I was immersed in the story from the first word. David Levithan’s story of this person, this genderless, identityless, familyless, homeless person bouncing from consciousness to consciousness every single day, never able to control the transition, the destination, is incredible. Obviously, if you haven’t read it, you may want to put a pin in this post and do that. As you can tell, it’s pretty easy to read the book quickly, since I completed it in probably a combined reading time of 6 or 8 hours. So, go read. I’ll wait.

Now, I’m assuming you completed the book and are ready for discussion? Good, let’s!

The first thing I have to say about this book is that it is incredible. I do like my YA novels as well as most other forms of literature, and this book is a YA novel that reads like both classic and modern fiction. It is something that feels so natural that you sometimes find it easy to forget you’re reading a book and not just directly connecting with the thoughts of the main character, a loving but mysterious soul whose only identifier is the self-prescribed moniker of “A,” set up early in A’s 16-year life to give them (the most suiting pronoun) something to hang on to, something to anchor to to prevent themselves from going mad while bouncing from life to life with no control.

As I said, the concept is great. I was immediately drawn to feel sympathy for this character. As someone that puts a lot of stock in the protective and loving character of family, reading this tale of someone who has never been able to feel that solidity really made me invested in the book. A’s story is something that holds incredible strength, purpose, possibility, and much sadness. I loved the absolute unpredictability of the story as the reader is brought along with A to enter the lives of numerous individuals from all races, genders, levels of health, and family situations.

I enjoyed that we are brought in after A has lived this way for 16 years, no explanation of how or why they are living this life, and no certain answers of whether it is possible to stop or slow it down. We come into the story on day 5,994 in the body of Justin, who the reader is quickly ready to dislike. Before long we are introduced to shy, timid Rhiannon, who is the reason for everything that happens in the book. One thing I was drawn to throughout this novel is the undeniable feeling of love that A feels for Rhiannon almost instantly. As someone who has never spent more than 24 hours with any one person or group of people, the idea that such a powerful connection can be made almost instantly with Rhiannon is incredibly intense. Levithan throws A and the reader into this tale head first and keeps at it through the entire text, presenting a love story so complete, so without boundaries, so without restriction and full of possibility that it can literally leave you reeling.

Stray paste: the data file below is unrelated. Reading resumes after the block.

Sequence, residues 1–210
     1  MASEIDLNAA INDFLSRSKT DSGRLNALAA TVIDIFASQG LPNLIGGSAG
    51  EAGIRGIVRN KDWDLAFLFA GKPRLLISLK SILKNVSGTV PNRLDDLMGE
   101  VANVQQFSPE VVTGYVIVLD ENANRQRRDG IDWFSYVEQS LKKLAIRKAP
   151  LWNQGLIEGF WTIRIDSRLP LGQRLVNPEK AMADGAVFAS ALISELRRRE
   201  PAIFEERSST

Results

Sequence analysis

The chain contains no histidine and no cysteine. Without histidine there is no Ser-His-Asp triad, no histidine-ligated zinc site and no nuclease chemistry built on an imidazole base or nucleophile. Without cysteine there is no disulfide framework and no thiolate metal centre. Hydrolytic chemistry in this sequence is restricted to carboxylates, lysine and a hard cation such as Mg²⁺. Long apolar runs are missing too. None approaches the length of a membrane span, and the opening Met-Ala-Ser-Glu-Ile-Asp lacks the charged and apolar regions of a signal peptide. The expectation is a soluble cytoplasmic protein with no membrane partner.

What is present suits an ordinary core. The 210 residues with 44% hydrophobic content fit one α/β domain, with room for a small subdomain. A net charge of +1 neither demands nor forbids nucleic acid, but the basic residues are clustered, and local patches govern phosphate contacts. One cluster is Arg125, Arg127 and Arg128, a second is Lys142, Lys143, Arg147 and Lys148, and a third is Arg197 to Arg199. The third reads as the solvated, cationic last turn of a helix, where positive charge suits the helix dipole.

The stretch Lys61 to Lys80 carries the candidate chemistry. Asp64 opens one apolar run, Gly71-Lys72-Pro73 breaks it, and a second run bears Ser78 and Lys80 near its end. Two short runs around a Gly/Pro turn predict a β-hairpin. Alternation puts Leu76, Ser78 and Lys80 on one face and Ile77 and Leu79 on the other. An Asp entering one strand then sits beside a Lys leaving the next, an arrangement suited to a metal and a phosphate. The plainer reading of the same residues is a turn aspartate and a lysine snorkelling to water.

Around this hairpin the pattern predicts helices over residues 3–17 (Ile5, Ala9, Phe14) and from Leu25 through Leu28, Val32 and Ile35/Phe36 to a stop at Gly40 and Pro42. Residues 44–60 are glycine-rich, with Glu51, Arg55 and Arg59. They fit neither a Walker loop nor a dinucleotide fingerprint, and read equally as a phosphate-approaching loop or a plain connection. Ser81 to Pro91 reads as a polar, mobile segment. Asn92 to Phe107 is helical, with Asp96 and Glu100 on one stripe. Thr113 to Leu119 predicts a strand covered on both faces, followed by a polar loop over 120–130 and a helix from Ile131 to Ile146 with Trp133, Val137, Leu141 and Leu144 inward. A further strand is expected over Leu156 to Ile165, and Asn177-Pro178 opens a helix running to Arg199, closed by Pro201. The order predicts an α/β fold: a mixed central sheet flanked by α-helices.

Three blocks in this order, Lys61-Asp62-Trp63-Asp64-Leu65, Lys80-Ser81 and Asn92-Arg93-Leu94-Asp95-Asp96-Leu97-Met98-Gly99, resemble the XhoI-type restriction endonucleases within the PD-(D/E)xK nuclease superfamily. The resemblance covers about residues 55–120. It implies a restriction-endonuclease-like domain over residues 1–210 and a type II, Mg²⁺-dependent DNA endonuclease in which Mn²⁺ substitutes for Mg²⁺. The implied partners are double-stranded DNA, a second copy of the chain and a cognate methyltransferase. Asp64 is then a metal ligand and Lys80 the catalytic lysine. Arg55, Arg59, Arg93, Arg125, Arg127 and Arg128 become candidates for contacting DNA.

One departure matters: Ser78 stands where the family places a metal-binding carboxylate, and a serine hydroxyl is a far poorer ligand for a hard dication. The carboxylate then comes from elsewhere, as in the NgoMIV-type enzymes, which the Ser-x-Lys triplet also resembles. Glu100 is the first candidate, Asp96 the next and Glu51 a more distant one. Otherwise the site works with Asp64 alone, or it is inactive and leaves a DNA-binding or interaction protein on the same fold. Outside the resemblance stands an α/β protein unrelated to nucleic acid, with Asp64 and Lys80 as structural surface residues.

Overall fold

I was enamored with A’s immediate connection with Rhiannon, their undeniable infatuation that even transcended Rhiannon’s connection with A’s host of the day, Justin. The description of A’s life being turned completely upside down by something as common as love is a concept that really put the world into incredible perspective. Knowing that this character, who has never had the time to experience something the rest of us take for granted and consider normal, is thrown completely through a loop by this one thing is extremely powerful. A running theme through this book that is lying just below the surface is that something as unbelievably thrilling as being able to bounce from life to life consistently, never having to worry about tomorrow, never having to face responsibility and knowing that no matter how good or bad your situation is, a change is literally less than 24 hours away is nothing compared to the unpredictability of falling in love. It’s something that you can get lost in.

I love the repeated mentions A makes of the experience they have had. Multiple times while speaking with Rhiannon as well as just reflecting on their own A talks about how they may not have had many consistent and average life experiences that a 16-year-old  would normally get, but that they have had countless experiences that are typically lost on individuals. The concept of getting to experience life from more than 6,000 sets of eyes in more than 6,000 settings and more than 6,000 family situations is both liberating and exhausting to me. I like to live my life thinking that every day brings us something new, but this expands on that concept to a point that I feel like I have trouble wrapping my head around it. It is just another of the many reminders of how small we all truly are.

Levithan touches many times on the concept of homosexuality and love, repeatedly speaking through A’s point of view while living in the bodies of males, females, transgender individuals all of varying sexuality. Here he touches heavily on the concept of humanity versus gender and identity. A feels just as much love for Rhiannon while in the body of a female as they do a male, just as much passion for this one girl while in the body of someone she’s never met as they do while in the body of her boyfriend of over a year. This speaks volumes to me. Many people in the world today have very differing ideas when it comes to sexuality and ‘normality’, right and wrong, and average and ‘weird.’ But A knew none of that. They knew just as much as they felt from day to day, minute to minute, and what they knew above all else was a love so intense that it literally transcended all else.